Independent clinical studies in the US and Japan evaluated three groups of adult smokers over 90 days: one continued to smoke cigarettes; the second stopped smoking; the third switched completely to IQOS. Blood and urine samples measured biomarkers for exposure to harmful chemicals. “There was a similar response when people stopped or switched, with IQOS users achieving 95% reduction in exposure,” according to Gonzalez Suarez, who says communicating independently-assessed scientific studies is now key.

The Cube PMI

Range of alternative products

Since the start of PMI’s conversion, it has been evolving its devices, with customer feedback proving crucial in developing new products that need less recharging, come in pocket-size versions and offer a smoother experience.

“Some consumers want a product that delivers an experience as close as possible to a traditional cigarette,” says Gonzalez Suarez. “Others want to consume nicotine but want something that is completely different to a cigarette.” Care is taken to minimise use by non-intended audiences, such as non-smokers, ex-smokers and young people.

“The best product for you is the one that keeps you away from cigarettes,” he says. He cites the use of snus in Sweden (it’s banned in the rest of the EU), which has the lowest smoking rate for males in Europe. Other country-wide preferences for certain products include e-cigarettes in the UK and heated tobacco products in Japan.

He see the constant need for varieties an opportunity. “It’s a way of driving innovation in different categories and it’s a fundamental piece of our goal. We essentially want to make the cigarette obsolete.”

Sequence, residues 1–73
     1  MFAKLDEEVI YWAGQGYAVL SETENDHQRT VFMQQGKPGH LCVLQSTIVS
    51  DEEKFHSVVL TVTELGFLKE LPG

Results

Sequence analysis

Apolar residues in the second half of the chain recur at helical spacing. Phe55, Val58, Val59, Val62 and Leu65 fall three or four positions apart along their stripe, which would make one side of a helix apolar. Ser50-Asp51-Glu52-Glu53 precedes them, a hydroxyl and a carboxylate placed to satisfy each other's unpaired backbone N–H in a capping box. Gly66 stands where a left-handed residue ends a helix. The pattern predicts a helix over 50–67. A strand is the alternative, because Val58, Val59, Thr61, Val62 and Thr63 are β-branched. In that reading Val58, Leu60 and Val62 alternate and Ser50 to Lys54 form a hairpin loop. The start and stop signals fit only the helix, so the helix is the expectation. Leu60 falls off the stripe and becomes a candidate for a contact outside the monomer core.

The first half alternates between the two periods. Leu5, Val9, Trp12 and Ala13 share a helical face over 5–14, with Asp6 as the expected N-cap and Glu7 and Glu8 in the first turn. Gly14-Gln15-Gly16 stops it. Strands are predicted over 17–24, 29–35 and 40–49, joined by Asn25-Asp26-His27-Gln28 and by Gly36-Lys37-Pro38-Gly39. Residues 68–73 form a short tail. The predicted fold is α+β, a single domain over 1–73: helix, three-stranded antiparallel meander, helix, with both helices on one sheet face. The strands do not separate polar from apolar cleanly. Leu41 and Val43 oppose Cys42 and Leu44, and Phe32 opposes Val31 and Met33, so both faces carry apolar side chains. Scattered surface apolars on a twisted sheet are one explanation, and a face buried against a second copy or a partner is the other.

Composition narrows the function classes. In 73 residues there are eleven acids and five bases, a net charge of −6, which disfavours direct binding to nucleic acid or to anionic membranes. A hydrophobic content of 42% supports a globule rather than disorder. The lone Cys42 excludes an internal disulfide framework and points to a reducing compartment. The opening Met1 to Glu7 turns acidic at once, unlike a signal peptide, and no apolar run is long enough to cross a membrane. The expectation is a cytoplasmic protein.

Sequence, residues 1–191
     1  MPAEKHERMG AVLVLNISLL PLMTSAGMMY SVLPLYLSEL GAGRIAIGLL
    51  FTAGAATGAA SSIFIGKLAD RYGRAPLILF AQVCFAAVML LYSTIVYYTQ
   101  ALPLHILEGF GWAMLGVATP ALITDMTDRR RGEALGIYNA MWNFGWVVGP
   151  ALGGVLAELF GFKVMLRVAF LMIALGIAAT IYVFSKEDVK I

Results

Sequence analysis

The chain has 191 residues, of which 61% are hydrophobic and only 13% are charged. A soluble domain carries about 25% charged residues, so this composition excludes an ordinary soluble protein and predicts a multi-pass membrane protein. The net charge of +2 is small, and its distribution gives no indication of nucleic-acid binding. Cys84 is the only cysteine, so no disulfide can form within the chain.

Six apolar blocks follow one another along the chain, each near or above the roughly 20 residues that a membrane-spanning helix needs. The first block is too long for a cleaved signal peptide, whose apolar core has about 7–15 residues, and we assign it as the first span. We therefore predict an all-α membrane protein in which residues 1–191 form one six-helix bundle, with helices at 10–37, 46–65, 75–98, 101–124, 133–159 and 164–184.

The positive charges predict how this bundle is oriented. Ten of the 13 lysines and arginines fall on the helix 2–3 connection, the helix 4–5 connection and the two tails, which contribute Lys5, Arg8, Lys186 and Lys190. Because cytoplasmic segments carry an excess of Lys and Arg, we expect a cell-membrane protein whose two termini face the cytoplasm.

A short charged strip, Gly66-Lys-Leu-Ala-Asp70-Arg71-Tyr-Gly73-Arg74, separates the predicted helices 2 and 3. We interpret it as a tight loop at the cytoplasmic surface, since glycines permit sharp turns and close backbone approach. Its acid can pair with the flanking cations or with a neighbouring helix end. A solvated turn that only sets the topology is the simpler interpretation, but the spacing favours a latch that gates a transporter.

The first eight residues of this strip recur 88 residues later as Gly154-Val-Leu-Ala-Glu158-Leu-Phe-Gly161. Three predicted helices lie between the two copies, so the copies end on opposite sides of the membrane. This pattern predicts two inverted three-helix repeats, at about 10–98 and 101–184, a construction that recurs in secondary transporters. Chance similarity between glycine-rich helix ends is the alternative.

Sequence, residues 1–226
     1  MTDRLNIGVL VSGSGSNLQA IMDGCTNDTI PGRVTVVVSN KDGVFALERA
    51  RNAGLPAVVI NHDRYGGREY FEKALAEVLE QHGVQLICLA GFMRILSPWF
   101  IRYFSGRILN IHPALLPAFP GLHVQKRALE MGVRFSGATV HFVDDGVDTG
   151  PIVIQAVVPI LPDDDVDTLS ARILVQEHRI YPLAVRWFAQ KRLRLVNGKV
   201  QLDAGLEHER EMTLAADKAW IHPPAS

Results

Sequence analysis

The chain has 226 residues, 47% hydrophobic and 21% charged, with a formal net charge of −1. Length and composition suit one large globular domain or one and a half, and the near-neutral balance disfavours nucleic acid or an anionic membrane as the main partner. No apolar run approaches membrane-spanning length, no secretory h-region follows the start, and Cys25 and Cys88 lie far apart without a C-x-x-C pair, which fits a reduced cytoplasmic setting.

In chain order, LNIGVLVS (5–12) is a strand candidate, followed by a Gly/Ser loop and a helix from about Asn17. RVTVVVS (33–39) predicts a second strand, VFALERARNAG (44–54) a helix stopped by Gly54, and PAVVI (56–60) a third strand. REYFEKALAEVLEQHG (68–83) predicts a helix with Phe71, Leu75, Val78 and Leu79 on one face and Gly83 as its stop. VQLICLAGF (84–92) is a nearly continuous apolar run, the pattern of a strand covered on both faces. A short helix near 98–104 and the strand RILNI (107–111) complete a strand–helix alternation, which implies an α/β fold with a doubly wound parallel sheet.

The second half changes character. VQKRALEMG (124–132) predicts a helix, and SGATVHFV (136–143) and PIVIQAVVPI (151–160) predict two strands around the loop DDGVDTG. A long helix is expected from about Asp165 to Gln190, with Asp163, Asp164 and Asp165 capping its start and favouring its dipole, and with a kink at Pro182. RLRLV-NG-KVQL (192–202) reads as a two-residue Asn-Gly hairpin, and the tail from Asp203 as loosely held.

Variation in regulations

PMI is probably the most controversial evangelist for the end of cigarettes, and there are no signs of it veering from this path. “We believe that we can move away from traditional cigarettes to health and wellness areas,” says PMI’s regional communications director Mário Moniz Barreto on the company’s long-term vision. The company’s contentious €1 billion takeover of Vectura, a British pharmacy company that makes asthma inhalers, shows that it is not afraid of controversy as it doubles down on its ambition to move beyond tobacco.

The contrast between Belgium's mixed approach and PMI's commitment into this area underlines the discrepancy in perspectives towards alternatives to cigarettes. As PMI continues to invest heavily in science and research, it faces a regulatory landscape where some countries, like Belgium, remain sceptical about the potential benefits of these alternatives. This poses risks for policy makers as well as the tobacco companies.

Legislators are understandably wary of the tobacco industry proselytising the end of the cigarette. But as Belgian decision makers wrestle with the smoking paradox, they could also look at what their counterparts around Europe and beyond are doing to bring down smoking rates and improve public health.

This coverage is supported by PMI. This support enables the Bulletin to devote additional editorial resources to cover the topic more widely and deeply. The Bulletins editorial content is independent of its supporters.


Written by The Bulletin